Posted by Caitlin Marquis on Apr 5, 2016 4:06:45 PM

This post is one in a series featuring the complete slate of advanced energy technologies outlined in the report This Is Advanced Energy



Photo courtesy of EnerNOC.

Demand Response (DR) is a grid management tool through which utilities and grid operators provide information and/or incentives to customers to encourage them to reduce energy use
at specific times. DR can use control technology that automatically responds to prices or other signals, or customers may respond to a DR request manually. Load reduction is typically achieved by temporarily switching off or reducing usage from cooling or lighting or by postponing energy-using activities, although some customers may switch to onsite generation. Storage-backed DR is a growing application that enables load reduction without a shift in energy use.

The United States DR market reached 1.25 billion in 2014, up 14% over 2013, and now accounts for almost two-thirds of the global DR market. The estimated potential peak load reduction from DR technology in independent system operator (ISO) regions in 2013 was almost 29 GW, up 9% from 2012. DR programs have traditionally targeted commercial and industrial customers, participating through aggregators.

EnerNOC works with dozens of utilities to incorporate the latest DR technologies, such as sub-second DR dispatches and automated DR, or AutoDR, into their programs. EnerNOC worked with Louisville Gas & Electric and Kentucky Utility Co. to incorporate AutoDR into their commercial and industrial DR program. Many utilities also offer DR programs to residential customers, incentivizing load curtailment through one or more of the following: time varying electricity rates, behavioral communications, participant incentives, and rebates for enabling technologies. Opower, a provider of energy efficiency and DR, is partnering with Baltimore Gas and Electric (BGE) in Maryland to deliver highly personalized communications to over 1 million residential customers, offering a rebate to customers who reduce energy consumption during peak hours.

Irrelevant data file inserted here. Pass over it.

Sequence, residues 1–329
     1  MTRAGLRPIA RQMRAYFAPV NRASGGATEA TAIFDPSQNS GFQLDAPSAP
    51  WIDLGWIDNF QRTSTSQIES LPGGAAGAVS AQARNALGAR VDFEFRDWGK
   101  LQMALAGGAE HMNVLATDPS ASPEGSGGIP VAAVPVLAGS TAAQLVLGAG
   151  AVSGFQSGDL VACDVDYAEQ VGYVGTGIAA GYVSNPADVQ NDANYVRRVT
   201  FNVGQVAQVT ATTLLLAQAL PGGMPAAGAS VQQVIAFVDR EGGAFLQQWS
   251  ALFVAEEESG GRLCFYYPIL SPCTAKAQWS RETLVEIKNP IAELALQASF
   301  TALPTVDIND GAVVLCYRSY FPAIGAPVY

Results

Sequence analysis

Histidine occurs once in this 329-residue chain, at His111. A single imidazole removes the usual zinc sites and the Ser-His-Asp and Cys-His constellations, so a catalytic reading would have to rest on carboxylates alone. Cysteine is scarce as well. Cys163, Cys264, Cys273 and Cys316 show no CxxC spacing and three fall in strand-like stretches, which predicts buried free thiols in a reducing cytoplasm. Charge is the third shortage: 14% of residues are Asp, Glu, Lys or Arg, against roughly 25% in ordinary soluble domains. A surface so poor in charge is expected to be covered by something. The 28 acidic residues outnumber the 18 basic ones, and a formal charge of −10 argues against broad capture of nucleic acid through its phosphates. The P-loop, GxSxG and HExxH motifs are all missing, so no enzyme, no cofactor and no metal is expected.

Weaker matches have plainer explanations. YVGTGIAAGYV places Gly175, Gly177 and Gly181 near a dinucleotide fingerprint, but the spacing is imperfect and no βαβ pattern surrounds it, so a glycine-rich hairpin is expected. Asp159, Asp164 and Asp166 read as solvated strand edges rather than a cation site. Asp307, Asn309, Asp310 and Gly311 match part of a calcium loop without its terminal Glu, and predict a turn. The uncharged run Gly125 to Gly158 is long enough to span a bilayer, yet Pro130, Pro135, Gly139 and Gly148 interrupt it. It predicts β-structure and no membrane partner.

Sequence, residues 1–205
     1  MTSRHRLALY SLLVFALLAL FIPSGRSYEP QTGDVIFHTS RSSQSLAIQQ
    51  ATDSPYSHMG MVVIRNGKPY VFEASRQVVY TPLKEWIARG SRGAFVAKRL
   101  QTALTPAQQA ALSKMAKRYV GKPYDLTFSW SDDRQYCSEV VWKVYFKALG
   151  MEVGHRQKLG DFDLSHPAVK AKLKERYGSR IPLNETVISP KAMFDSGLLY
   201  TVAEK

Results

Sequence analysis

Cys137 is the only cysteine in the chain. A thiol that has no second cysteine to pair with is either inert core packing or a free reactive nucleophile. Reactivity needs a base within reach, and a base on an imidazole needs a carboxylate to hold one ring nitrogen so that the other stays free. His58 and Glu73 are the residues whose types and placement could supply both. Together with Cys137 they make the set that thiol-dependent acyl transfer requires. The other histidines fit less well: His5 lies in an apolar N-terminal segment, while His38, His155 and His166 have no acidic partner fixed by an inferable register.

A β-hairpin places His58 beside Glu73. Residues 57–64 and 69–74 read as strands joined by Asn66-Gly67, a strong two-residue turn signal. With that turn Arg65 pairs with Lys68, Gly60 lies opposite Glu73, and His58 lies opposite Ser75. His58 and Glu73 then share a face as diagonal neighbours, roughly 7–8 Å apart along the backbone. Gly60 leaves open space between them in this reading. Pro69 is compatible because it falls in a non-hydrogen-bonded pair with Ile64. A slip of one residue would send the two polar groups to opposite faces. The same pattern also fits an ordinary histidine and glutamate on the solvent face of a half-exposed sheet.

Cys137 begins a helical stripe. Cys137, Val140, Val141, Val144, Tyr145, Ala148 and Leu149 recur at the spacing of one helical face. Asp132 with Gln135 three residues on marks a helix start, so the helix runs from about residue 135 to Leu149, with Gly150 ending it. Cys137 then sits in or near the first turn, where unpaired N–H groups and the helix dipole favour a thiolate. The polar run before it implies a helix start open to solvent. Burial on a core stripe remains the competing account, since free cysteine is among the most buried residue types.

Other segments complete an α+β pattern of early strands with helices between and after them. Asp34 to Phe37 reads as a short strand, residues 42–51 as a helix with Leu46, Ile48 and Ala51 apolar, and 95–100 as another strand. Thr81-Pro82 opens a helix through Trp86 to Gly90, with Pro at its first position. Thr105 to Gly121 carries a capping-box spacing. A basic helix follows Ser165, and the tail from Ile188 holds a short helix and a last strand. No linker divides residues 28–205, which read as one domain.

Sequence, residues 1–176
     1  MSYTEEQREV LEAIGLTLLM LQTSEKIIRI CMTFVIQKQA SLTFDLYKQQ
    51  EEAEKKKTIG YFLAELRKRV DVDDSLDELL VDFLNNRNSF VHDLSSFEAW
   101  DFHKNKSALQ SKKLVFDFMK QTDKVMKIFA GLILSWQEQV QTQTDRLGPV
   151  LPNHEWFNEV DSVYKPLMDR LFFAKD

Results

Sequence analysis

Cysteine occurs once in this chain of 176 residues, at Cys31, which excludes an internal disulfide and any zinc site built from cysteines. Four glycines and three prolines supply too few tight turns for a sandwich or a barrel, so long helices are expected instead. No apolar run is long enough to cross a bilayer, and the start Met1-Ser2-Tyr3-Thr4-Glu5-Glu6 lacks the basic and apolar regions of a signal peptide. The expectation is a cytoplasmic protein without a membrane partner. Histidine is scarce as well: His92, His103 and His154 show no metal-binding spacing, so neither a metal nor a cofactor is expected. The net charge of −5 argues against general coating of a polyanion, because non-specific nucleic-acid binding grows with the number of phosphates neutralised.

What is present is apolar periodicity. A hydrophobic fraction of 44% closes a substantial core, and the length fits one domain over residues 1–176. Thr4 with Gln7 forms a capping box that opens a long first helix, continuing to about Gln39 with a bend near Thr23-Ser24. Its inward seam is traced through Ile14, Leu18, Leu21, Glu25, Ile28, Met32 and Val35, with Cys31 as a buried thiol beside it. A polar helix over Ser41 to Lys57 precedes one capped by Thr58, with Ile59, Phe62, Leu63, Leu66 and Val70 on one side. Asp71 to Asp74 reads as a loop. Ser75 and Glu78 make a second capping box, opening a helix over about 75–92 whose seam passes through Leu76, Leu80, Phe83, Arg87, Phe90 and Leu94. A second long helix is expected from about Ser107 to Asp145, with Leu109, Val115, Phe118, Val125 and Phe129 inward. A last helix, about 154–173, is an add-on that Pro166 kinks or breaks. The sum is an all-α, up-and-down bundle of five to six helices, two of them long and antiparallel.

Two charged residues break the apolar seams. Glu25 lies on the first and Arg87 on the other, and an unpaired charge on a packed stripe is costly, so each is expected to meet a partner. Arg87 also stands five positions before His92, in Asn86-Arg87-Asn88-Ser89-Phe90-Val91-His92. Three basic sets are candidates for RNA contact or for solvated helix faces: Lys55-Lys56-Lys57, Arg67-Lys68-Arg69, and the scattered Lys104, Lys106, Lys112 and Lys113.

Demand response allows customers to be compensated for providing a valuable service to grid operators and also gives them more control over their own energy usage and costs. EnerNOC enabled Midwest Energy, Inc., of Kansas to reduce peak demand by targeting agricultural customers, with an annual payment of $1,000 providing additional income for participating farmers. At the same time, DR improves reliability, helps to integrate renewable generation, and moderates energy prices for everyone by lowering demand at critical times and offering a lower cost alternative to expensive and rarely used peak generating capacity and transmission and distribution (T&D) infrastructure. When coupled with automated load controls, DR can provide sub-second dispatches and is increasingly being used by utilities at the distribution system level to manage more local grid issues, while also providing wholesale market ancillary services such as spinning reserves or regulation services.

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